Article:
Grape pomace, a waste of viticulture, is effective for nematode pest control on crops

Researchers from Universidad de Castilla la Mancha, Universidad Autónoma de Madrid and the Institute of Agricultural Sciences – CSIC proved the potential of wine production residues as biopesticides in agriculture, thus reducing the waste management problem and contributing to a circular economy. Their work shows that recycled biochar from grape pomace is effective to reduce the parasitic nematode infection of tomato plants in pots. Biochar characterization by synchrotron light infrared spectroscopy was performed at MIRAS beamline of the ALBA Synchrotron.

Cerdanyola del Vallès, 22nd November 2023 The large amount of grape waste generated after wine production can be transformed into a valuable product such as biochar, a form of charcoal. A new published study shows that biochar soil amendments can help to control the infection of a group of plant parasitic nematodes: the root-knot nematodes.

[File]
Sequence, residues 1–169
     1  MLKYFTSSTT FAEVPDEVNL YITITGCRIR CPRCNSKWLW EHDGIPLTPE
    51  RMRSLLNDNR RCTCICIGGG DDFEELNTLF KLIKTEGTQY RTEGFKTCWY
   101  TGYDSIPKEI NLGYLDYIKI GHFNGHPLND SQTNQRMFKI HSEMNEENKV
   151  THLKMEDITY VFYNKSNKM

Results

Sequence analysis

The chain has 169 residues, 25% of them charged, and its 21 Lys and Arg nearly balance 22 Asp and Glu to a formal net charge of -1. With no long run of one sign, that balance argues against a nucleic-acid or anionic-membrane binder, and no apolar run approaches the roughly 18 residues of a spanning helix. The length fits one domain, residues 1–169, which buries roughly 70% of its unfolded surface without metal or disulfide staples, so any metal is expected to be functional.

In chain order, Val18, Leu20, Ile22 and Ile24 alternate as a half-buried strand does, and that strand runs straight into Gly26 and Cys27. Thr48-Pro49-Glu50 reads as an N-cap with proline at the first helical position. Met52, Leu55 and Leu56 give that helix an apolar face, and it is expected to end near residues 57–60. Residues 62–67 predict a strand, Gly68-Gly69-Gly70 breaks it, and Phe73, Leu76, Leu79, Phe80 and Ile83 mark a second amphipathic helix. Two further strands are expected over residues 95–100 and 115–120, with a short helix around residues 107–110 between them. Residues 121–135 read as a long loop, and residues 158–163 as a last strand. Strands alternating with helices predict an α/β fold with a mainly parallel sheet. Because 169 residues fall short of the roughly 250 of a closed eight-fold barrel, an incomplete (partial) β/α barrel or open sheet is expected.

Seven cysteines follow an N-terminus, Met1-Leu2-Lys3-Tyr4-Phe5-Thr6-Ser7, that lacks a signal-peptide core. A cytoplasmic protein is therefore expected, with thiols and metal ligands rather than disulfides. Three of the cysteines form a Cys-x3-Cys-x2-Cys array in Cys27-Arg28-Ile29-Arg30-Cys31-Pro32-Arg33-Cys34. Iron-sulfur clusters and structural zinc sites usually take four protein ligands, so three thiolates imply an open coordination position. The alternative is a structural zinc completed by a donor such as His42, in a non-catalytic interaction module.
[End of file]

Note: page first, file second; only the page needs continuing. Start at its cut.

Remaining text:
Nematodes are a big group of invertebrates also known as roundworms. They are among the most widespread pests and can be found in almost every crop worldwide, causing annual global agriculture losses of approximately $125 billion. In particular, root-knot nematodes parasite plants penetrating the roots and inducing knots or galls. The plant becomes their host and will nourish them until life cycle completion.

Root-knot nematode infection is difficult to eradicate and usually requires the use of toxic nematicides that are banned in most countries. In this sense, the research team, formed by scientists from the Universidad de Castilla la Mancha (UCLM), Universidad Autónoma de Madrid (UAM) and the Institute of Agricultural Sciences (ICA-CSIC), proposes the use of biochar as an environmentally friendly and economic alternative.

To run the studies, tomato plants were infected withMeloidogyne javanica, a root-knot nematode, and grown in hydroponic system over a clay sandy substrate mixed with different proportions of biochar. After several days of post-inoculation, nematode infection progression was analysedThe infective and reproductive traits of a Meloidogyne javanica population in tomato were significantly reduced (egg masses and eggs per plant) for the biochar pyrolyzed at 350ºC.